Acupuncture Treatment of Dysmenorrhea Resistant to Conventional Medical Treatment

V. Iorno; R. Burani; B. Bianchini; E. Minelli; F. Martinelli; S. Ciatto


Evid Based Complement Alternat Med. 2008;5(2):227-230. 

In This Article


Between December 2004 and March 2005, a consecutive series of 15 nulliparous patients (age range 13–35, average 27) was enrolled at the 'Mario Tiengo´ Pain Control Clinic of the Mangiagalli-Regina Elena Hospital of Milan, Italy. Patients were suffering from moderate to severe dysmenorrhea since at least 1 year, had a poor response to NSAID and refused oral contraceptive therapy, which is currently employed as a first line treatment of dysmenorrhea.[4,18,19] All patients underwent careful anamnesis, pain evaluation, transvaginal ultrasound (transabdominal if virgo), and CA125 dosage in the second part of menstrual cycle. Patients features at presentation are summarized in Table 1 .

All patients were given 8 weekly acupuncture sessions, for a total duration of 2 months. Needle positioning was based on conventional diagnostic criteria of traditional Chinese medicine. Sterile needles were positioned for 30 min at a variety of acupoints, namely KI-3, LV-3, SP-4, ST-36, ST-25, ST-29, ST-30, REN-4, REN-6, BL-62, HT-7, LI-4, PC-6 and ZI GONG extra point.[20] No limitation to additional NSAID use was required, if necessary.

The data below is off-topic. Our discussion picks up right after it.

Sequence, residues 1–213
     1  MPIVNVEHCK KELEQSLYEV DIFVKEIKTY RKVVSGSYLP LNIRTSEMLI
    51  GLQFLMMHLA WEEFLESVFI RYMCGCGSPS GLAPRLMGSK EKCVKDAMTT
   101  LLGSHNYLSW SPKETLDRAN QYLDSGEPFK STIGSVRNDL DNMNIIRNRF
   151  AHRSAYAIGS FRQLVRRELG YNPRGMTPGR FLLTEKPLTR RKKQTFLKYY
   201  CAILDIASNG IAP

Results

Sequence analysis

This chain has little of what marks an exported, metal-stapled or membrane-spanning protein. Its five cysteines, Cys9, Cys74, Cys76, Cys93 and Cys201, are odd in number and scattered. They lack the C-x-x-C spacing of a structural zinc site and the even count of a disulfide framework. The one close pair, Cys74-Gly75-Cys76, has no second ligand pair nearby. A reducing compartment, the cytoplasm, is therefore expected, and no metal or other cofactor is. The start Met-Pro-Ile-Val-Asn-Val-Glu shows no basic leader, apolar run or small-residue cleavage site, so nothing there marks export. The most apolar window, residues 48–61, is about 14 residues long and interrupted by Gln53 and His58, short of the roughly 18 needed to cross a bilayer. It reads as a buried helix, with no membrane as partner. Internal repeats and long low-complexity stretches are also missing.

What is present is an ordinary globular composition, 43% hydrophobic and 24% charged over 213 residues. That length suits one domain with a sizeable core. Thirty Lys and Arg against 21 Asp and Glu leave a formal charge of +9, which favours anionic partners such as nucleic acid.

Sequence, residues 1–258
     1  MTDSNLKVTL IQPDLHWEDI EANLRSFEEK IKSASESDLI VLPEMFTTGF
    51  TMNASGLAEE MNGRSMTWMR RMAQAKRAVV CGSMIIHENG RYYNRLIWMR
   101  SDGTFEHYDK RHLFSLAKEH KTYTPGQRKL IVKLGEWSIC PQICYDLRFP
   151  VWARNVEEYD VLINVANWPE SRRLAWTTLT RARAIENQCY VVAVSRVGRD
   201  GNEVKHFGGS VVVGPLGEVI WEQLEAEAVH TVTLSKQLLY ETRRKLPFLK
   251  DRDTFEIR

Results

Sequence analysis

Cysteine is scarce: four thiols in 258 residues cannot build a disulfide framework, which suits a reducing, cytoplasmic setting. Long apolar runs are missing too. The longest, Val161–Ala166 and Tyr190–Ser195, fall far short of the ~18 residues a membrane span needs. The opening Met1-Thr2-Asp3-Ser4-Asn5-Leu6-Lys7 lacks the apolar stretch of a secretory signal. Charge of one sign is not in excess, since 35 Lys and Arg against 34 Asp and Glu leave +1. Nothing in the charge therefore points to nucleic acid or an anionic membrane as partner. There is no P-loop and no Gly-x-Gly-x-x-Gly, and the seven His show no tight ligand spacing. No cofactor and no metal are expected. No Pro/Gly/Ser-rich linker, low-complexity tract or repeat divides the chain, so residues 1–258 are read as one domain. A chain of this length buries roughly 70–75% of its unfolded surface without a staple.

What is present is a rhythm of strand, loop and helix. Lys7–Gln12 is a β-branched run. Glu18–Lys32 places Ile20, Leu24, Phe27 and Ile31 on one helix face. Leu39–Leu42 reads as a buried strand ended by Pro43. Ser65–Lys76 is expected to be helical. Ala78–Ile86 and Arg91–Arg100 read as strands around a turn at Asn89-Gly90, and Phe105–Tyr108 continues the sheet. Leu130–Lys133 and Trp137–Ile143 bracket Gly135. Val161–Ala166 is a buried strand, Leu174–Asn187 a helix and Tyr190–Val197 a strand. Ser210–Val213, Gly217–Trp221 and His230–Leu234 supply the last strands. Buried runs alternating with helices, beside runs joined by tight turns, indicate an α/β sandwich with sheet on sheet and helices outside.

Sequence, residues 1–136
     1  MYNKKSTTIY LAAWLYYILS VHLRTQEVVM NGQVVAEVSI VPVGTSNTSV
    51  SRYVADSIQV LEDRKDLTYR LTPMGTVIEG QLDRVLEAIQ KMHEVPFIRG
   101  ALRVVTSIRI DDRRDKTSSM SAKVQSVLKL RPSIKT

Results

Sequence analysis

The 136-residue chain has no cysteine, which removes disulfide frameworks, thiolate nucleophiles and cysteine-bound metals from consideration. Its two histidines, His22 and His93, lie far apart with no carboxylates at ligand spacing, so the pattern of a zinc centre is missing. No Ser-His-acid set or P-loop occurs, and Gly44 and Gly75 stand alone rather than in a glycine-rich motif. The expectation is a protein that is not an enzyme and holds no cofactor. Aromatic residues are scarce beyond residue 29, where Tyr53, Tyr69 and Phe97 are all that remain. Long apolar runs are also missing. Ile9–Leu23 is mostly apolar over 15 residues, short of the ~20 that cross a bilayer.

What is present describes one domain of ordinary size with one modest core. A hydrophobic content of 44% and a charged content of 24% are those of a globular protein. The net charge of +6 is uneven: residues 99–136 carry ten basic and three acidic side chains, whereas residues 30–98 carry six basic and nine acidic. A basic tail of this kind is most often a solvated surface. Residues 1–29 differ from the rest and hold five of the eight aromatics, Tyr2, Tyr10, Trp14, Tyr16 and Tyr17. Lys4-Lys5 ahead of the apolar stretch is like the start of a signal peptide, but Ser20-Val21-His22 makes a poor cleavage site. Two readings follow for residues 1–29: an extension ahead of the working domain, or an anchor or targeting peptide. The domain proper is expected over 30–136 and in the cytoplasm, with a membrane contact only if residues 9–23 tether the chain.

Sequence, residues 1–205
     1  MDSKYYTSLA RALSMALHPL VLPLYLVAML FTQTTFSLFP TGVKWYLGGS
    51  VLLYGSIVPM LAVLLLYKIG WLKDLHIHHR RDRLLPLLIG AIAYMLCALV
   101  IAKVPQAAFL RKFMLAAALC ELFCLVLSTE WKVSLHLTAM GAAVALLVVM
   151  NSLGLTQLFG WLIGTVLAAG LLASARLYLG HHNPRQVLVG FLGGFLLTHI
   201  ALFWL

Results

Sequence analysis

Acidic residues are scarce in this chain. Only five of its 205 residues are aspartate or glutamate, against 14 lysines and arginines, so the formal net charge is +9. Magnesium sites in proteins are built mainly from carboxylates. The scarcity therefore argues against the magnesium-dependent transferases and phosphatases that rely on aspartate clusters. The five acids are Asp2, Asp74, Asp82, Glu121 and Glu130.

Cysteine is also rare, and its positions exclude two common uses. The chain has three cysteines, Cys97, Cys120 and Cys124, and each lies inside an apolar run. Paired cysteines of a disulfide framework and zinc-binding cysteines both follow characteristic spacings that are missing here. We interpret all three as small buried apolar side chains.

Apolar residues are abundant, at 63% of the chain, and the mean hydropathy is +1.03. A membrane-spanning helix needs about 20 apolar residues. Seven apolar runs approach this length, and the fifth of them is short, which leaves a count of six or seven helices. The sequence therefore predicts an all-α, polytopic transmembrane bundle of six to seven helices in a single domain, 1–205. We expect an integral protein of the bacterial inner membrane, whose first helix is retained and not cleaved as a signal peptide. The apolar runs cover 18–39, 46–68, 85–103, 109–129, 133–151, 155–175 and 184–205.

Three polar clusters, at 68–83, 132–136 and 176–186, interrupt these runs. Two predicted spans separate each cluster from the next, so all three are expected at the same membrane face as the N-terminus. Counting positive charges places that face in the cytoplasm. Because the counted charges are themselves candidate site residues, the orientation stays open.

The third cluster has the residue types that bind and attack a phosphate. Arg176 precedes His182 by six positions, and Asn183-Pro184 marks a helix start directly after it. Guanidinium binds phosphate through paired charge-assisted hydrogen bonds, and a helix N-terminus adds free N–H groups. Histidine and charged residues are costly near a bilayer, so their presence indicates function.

The efficacy of acupuncture was assessed through Visual Analogue Scales (VAS), a self assessment scale ranging from 0 to 10, where the patient was requested to indicate the point most representative of pain intensity, from score 0 (no pain) to score 10 (pain as bad as it could be), chosen for its simplicity.[21] VAS was determined at five different points in time, namely baseline (T1), mid treatment (T2), end of treatment (T3), and 3 (T4) and 6 months (T5) after the end of treatment. Overall NSAID use (number of assumed doses), and duration of pain (days), were determined at the same points in time. Cost analysis was attempted, based on average cost of baseline NSAID (Nimesulide®) use (€0.1563/single dose), assumed to be stable in absence of acupuncture, for a period of 8 months (equivalent to 2 months of acupuncture treatment + 6 months of follow-up), compared with (i) the cost of NSAID documented use since treatment started, plus (ii) the cost of the acupuncture procedure (€17.50 per session, according to Regional Health Service tariff).

Statistical significance (P < 0.05) of observed results was determined by analyzing the distribution of pain intensity (VAS), pain duration and NSAID consumption at T1 (prior to treatment) as compared with T3 (end of treatment) or T5 (6 months after end of treatment) with Wilcoxon's signed rank test, using STATA 8.0 ( software.


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